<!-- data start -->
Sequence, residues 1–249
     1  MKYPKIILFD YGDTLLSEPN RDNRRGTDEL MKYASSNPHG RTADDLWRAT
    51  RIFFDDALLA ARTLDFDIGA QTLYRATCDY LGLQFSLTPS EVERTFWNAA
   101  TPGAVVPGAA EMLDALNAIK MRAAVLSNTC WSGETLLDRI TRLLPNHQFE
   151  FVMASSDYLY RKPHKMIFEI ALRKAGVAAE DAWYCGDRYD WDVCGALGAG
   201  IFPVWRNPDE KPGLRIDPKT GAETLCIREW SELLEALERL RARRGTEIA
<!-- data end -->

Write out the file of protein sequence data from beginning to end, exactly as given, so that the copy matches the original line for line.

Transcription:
Sequence, residues 1–249
     1  MKYPKIILFD YGDTLLSEPN RDNRRGTDEL MKYASSNPHG RTADDLWRAT
    51  RIFFDDALLA ARTLDFDIGA QTLYRATCDY LGLQFSLTPS EVERTFWNAA
   101  TPGAVVPGAA EMLDALNAIK MRAAVLSNTC WSGETLLDRI TRLLPNHQFE
   151  FVMASSDYLY RKPHKMIFEI ALRKAGVAAE DAWYCGDRYD WDVCGALGAG
   201  IFPVWRNPDE KPGLRIDPKT GAETLCIREW SELLEALERL RARRGTEIA